The GDPR: Why American Universities and Students Need to Care

Selena E. Molina

Gian Franco Borio is an attorney at law (former CPA) at Studio Legale Tributario Internazionale Borio in Florence, Italy.

With increases in technology, the world continues to feel smaller, more connected. With this connection comes a greater sense of global community and increased ability to reach across borders to our brethren who may speak, think, and live much differently than ourselves but with whom we find common ground. But, with this interconnection comes risk. Risk that in crossing borders and making these connections, we are opening a door to the unknown: unknown rules, laws, regulations of our sister communities. Risk that this lack of knowledge, no matter how innocent, can lead to serious consequences. The GDPR is one such risk facing any cross-border activities involving the European Union or its residents. This is a risk that American universities and their students cannot afford to ignore.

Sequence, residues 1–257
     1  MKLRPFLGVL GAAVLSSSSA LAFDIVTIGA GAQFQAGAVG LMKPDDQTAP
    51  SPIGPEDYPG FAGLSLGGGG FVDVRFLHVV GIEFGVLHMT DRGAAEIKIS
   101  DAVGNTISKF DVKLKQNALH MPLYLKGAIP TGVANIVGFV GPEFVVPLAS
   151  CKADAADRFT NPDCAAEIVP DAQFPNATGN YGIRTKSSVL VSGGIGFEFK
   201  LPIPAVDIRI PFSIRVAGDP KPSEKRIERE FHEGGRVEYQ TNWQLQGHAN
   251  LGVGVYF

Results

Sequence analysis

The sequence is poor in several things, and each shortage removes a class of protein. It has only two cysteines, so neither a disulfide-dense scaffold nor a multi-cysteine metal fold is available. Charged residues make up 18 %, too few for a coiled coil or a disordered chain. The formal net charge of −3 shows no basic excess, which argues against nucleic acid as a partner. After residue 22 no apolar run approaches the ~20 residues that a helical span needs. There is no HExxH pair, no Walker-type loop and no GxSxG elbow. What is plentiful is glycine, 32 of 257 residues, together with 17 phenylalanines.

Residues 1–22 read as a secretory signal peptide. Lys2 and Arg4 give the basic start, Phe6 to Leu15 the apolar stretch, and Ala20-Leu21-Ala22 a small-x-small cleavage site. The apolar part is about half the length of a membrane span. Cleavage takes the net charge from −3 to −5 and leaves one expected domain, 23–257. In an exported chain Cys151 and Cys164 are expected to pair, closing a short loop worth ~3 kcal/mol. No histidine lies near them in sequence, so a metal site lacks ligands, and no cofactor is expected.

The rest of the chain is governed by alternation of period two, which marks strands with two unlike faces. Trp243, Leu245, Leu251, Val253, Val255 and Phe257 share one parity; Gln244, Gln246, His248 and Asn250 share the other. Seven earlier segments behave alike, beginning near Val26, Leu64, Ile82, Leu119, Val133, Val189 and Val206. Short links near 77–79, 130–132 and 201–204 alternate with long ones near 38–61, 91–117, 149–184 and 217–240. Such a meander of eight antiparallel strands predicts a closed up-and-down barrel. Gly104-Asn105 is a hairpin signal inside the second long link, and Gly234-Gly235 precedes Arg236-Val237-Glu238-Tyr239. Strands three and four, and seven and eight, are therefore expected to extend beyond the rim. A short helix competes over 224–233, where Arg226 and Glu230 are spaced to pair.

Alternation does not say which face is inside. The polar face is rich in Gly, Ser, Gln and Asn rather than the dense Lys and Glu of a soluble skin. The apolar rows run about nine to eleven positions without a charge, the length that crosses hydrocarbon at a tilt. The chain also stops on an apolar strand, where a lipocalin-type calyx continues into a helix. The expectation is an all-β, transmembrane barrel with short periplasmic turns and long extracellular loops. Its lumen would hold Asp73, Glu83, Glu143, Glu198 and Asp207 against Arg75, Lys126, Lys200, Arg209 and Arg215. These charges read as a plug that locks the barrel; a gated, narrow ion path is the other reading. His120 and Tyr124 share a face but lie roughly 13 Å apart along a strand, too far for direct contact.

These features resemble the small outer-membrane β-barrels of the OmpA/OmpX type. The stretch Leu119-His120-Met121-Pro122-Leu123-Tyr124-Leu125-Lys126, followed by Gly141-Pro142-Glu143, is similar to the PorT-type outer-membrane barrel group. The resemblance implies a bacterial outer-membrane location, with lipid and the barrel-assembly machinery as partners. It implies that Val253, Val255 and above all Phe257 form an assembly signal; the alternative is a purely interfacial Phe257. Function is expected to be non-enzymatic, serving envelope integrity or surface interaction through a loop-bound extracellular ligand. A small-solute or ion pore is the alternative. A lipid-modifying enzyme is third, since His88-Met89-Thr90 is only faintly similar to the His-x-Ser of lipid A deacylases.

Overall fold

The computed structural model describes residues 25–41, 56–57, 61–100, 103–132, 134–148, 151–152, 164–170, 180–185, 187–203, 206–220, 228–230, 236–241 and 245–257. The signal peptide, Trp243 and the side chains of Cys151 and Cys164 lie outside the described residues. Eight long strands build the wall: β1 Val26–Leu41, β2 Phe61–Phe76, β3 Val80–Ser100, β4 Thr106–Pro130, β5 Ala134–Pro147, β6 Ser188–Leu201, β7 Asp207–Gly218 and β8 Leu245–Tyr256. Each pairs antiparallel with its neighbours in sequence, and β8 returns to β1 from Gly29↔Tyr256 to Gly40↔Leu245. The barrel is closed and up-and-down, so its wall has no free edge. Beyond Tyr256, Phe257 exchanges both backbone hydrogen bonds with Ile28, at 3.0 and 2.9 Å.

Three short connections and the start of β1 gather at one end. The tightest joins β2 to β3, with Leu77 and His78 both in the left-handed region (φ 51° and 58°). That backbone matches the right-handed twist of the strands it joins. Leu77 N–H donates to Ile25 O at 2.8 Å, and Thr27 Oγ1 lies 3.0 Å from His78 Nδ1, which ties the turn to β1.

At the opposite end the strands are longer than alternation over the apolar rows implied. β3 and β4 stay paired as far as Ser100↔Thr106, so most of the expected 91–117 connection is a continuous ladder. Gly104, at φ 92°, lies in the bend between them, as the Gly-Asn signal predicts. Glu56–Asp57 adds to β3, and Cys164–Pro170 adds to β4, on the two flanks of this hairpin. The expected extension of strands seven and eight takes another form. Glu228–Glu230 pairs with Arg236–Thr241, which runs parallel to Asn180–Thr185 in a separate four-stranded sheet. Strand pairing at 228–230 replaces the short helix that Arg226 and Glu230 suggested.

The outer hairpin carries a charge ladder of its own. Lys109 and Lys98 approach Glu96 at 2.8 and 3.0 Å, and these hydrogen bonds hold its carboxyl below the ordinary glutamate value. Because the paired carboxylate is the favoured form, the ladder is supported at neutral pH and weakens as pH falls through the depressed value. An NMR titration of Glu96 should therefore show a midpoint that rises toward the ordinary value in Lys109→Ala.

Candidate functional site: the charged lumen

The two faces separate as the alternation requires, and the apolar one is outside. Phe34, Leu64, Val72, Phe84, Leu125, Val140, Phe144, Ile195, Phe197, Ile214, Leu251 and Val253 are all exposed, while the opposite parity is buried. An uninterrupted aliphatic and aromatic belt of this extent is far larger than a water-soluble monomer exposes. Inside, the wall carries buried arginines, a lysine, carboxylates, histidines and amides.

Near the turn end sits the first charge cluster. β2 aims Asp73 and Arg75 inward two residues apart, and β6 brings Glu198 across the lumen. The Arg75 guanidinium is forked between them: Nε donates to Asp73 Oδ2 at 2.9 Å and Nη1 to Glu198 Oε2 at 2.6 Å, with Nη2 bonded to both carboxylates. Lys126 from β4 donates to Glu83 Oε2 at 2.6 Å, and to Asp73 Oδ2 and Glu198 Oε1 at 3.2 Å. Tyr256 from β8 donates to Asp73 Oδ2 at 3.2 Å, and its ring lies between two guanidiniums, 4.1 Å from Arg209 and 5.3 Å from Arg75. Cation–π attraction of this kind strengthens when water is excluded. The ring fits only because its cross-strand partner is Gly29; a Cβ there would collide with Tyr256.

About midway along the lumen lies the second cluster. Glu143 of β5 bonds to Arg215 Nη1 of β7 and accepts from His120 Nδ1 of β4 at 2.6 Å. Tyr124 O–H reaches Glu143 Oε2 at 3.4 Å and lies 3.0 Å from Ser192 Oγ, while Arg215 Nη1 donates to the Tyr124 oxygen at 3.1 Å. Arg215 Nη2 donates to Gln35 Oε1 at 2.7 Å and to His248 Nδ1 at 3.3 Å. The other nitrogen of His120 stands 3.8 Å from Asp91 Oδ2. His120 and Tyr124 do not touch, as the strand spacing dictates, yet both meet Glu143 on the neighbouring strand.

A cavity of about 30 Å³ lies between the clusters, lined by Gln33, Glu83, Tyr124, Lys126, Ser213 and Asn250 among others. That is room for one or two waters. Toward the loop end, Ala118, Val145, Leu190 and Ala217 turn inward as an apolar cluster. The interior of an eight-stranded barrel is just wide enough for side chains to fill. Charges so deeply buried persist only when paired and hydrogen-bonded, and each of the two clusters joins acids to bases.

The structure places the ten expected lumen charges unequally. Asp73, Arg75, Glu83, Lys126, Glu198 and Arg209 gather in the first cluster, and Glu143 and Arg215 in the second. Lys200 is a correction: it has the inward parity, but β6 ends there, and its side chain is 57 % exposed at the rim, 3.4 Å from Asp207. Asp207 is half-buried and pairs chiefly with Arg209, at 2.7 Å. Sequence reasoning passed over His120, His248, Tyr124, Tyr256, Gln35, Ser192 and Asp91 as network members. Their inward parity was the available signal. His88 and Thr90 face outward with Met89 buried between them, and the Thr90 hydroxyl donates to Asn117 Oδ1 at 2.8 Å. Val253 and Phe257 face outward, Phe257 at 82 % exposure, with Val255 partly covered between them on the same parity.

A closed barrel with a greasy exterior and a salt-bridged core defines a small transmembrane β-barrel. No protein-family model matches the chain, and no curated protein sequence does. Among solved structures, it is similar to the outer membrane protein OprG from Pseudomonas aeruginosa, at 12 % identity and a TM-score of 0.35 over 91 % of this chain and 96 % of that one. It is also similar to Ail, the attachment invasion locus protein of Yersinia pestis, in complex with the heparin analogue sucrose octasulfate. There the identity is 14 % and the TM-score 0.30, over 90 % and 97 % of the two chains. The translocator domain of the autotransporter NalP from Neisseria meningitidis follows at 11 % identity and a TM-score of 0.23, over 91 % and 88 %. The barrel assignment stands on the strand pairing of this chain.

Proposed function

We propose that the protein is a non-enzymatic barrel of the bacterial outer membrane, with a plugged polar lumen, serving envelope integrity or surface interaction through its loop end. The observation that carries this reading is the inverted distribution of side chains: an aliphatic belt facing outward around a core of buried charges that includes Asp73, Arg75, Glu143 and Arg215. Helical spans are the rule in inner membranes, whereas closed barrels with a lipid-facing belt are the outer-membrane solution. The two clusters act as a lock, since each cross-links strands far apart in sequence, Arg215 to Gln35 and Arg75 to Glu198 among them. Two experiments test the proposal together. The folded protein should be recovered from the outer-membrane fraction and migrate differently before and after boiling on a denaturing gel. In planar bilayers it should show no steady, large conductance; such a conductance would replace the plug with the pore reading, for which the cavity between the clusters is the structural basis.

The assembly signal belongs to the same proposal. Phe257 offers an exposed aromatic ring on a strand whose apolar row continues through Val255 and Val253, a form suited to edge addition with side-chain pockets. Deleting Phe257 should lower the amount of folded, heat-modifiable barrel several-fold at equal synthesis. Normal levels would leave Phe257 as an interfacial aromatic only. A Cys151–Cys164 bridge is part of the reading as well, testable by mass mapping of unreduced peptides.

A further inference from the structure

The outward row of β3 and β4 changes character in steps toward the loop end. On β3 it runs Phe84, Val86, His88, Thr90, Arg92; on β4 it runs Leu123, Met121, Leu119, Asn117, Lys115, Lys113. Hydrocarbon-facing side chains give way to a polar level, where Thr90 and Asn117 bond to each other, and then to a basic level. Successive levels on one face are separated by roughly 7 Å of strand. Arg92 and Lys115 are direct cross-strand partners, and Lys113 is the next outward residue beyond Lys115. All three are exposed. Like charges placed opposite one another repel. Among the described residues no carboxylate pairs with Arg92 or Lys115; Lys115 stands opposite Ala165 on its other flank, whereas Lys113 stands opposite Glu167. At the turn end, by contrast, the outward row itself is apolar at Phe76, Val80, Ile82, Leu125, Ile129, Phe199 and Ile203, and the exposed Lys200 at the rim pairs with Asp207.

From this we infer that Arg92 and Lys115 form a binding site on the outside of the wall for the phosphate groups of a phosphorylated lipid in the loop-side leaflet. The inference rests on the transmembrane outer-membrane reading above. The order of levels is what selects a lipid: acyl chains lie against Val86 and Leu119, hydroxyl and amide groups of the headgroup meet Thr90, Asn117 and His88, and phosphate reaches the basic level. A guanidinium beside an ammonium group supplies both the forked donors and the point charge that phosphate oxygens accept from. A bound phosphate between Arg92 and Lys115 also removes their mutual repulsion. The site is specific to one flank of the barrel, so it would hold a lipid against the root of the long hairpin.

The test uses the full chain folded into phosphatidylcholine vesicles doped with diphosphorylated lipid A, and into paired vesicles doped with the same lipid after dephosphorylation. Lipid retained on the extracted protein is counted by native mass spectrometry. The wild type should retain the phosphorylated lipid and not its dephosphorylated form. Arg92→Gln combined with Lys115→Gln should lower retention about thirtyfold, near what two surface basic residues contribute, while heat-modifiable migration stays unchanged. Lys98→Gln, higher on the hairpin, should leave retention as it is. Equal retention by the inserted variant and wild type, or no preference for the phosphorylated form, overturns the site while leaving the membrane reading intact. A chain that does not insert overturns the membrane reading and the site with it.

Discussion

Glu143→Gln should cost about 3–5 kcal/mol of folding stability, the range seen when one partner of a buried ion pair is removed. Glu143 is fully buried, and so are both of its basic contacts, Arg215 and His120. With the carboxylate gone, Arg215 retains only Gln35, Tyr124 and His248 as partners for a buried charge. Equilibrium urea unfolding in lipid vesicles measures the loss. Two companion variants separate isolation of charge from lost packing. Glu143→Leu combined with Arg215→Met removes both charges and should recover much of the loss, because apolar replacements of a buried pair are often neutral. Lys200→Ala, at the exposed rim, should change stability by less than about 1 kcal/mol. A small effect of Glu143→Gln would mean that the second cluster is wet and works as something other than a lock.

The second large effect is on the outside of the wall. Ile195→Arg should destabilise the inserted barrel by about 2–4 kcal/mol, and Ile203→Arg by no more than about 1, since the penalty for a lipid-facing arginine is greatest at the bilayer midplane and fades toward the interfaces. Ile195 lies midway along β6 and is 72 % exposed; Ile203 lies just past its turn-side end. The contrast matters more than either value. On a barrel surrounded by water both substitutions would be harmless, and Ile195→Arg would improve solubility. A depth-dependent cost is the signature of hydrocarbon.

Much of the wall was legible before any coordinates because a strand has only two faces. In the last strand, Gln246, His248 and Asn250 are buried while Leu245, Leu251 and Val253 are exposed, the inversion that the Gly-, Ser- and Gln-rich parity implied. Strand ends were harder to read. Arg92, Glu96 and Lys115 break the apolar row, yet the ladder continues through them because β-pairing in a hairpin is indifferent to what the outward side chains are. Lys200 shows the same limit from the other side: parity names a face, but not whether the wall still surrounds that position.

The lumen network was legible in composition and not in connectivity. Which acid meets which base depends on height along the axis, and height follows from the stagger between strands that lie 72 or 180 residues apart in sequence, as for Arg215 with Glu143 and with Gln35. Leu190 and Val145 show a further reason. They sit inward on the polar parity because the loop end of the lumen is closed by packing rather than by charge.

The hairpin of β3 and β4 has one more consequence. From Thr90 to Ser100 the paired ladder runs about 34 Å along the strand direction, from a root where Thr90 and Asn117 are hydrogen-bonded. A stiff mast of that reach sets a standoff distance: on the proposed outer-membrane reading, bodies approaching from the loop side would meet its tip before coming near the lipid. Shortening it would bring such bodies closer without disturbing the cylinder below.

To understand this risk (and the GDPR in general), TYL went straight to the source. Gian Franco Borio is an attorney in Florence, Italy. He is not only well versed in the GDPR and its international effects but has also placed a focus on how the GDPR may impact American universities and its students. His illuminating interview (from the basics all the way through practical tips) follows.

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